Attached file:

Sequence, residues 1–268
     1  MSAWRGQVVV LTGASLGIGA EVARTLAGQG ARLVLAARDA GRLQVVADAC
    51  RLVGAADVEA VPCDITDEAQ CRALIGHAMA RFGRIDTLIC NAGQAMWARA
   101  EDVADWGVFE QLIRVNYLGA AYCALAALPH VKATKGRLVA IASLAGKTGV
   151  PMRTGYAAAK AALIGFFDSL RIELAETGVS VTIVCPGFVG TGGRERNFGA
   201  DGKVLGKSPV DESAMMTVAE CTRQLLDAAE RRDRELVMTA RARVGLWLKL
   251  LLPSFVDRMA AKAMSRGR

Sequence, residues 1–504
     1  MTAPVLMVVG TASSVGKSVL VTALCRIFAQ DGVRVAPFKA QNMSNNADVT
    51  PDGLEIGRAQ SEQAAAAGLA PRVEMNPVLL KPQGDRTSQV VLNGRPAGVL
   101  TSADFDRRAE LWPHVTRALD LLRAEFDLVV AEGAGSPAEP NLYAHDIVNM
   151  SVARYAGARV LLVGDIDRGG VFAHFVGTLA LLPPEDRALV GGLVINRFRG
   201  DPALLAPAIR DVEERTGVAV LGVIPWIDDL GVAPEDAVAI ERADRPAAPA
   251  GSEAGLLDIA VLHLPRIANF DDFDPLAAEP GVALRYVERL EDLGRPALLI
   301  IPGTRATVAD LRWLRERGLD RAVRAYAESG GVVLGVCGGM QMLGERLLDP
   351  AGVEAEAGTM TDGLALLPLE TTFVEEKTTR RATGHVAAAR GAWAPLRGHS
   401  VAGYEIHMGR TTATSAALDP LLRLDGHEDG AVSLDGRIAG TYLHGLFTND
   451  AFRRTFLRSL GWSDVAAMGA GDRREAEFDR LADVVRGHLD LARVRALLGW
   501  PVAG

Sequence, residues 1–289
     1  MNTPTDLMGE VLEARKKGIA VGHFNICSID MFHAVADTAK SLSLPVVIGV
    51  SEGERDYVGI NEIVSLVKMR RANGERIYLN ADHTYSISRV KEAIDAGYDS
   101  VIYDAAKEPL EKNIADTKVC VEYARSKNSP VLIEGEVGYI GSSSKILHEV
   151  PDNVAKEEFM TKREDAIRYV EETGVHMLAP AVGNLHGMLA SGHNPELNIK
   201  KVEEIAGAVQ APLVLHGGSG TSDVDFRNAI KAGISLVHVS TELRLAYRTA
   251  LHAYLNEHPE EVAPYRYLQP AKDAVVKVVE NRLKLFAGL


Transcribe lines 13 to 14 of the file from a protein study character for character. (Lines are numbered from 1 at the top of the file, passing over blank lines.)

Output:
   201  DPALLAPAIR DVEERTGVAV LGVIPWIDDL GVAPEDAVAI ERADRPAAPA
   251  GSEAGLLDIA VLHLPRIANF DDFDPLAAEP GVALRYVERL EDLGRPALLI